Numerous descriptions of cleft lip repairs are found in European literature from the thirteeth to seventeenth centuries, all of which fundamentally comprise freshening of the cleft edges and suturing them together with the adjunct of various dressings and salves to promote healing and combat infection. For example, the Flemish surgeon Jehman Yperman (1295-1351) wrote that unilateral and bilateral clefts may be “sutured with needles some distance from the cut margins and wrap around with figure eight.”14 He noted that some surgeons used relaxing incisions externally and laterally in the cheek, but advised against their use, because the subsequent facial disfigurement might “compromise the reputation of the surgeon.” In France, Ambroise Paré (1510-1590), one of the great surgical figures of the Renaissance, and his student Guillemean used silver needles with tips of steel and thread of waxed linen. In 1575, Paré popularized the term bec-de-lieure, or “lip of hare,” to describe a cleft lip. He was likely the first surgeon to include an illustration of the repaired lip in his surgical works15–18 (Fig. 39-3).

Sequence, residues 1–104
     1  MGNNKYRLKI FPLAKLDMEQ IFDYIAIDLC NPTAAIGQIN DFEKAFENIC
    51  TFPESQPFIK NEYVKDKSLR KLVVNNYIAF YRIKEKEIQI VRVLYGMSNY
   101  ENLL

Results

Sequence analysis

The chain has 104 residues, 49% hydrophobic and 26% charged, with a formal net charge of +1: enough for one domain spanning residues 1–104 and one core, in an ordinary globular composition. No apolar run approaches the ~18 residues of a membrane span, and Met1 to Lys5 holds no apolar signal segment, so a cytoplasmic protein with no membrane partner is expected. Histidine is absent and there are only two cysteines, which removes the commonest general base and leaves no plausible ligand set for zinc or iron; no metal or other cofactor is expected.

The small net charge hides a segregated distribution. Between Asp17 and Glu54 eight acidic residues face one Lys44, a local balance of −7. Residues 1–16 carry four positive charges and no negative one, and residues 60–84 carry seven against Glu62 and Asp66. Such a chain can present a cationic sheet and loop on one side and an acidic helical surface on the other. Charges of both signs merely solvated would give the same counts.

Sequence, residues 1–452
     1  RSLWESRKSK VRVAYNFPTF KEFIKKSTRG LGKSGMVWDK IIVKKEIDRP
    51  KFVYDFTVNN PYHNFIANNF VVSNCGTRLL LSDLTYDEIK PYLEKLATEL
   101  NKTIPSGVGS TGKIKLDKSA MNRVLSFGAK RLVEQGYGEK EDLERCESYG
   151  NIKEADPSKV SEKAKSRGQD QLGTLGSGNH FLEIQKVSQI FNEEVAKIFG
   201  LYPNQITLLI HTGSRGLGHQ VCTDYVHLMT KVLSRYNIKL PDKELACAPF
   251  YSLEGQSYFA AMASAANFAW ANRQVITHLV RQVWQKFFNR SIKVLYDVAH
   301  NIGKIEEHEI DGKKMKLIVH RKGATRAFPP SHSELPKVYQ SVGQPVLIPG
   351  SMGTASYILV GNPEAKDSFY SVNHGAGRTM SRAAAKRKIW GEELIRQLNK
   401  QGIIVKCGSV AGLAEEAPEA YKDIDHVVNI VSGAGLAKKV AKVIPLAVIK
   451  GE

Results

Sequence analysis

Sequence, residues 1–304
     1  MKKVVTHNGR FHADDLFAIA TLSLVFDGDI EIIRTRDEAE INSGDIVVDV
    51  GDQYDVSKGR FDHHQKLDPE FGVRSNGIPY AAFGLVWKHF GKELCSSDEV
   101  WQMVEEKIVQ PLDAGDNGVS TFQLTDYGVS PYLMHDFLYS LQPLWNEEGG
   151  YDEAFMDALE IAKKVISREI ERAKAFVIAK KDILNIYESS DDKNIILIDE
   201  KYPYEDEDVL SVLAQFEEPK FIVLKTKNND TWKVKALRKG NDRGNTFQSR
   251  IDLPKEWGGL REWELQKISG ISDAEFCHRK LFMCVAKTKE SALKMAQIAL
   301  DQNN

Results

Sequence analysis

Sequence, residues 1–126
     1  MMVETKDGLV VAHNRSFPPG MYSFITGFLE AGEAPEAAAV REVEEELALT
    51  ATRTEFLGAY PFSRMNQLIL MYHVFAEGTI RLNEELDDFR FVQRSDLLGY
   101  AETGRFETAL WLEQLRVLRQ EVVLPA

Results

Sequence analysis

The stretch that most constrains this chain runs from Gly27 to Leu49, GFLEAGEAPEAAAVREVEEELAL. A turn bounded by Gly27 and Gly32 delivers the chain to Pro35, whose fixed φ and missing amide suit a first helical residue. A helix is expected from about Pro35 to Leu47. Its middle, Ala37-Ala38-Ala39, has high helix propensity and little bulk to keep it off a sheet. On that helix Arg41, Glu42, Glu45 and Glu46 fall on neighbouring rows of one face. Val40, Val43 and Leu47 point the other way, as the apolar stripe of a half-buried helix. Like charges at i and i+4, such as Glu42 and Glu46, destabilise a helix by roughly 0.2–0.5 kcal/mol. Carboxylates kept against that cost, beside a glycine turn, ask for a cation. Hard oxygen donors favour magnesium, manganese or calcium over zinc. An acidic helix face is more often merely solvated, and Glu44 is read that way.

Fig. 39-3 Silver needles with sharp steel tips and line thread were used in a figure-eight fashion for cleft lip repair in 1676.
Fig. 39-4 Johan Philip Hofmann of Heidelberg in 1686 described this snug cloth cap that extended over the cheeks and upper lip with hooks and threads to pull the edges of a cleft lip closer together.
Another famous Renaissance surgeon, Gaspar Tagliacozzi (1545-1599) of Bologna, Italy, described his repair in 1597. He used a sharp knife or scissors, and he stressed the importance of full-thickness sutures through the lip. In his writings, Tagliacozzi noted that “the Artist must therefore pass his Needle straight through the Lip from the outside inwards, and on the other side, he must pass the Needle from the inside outwards.” He also recommended “some compresses, dipped in Whites of Eggs and Rosewater … applied both to the inside and the outside of the Wound.”1,19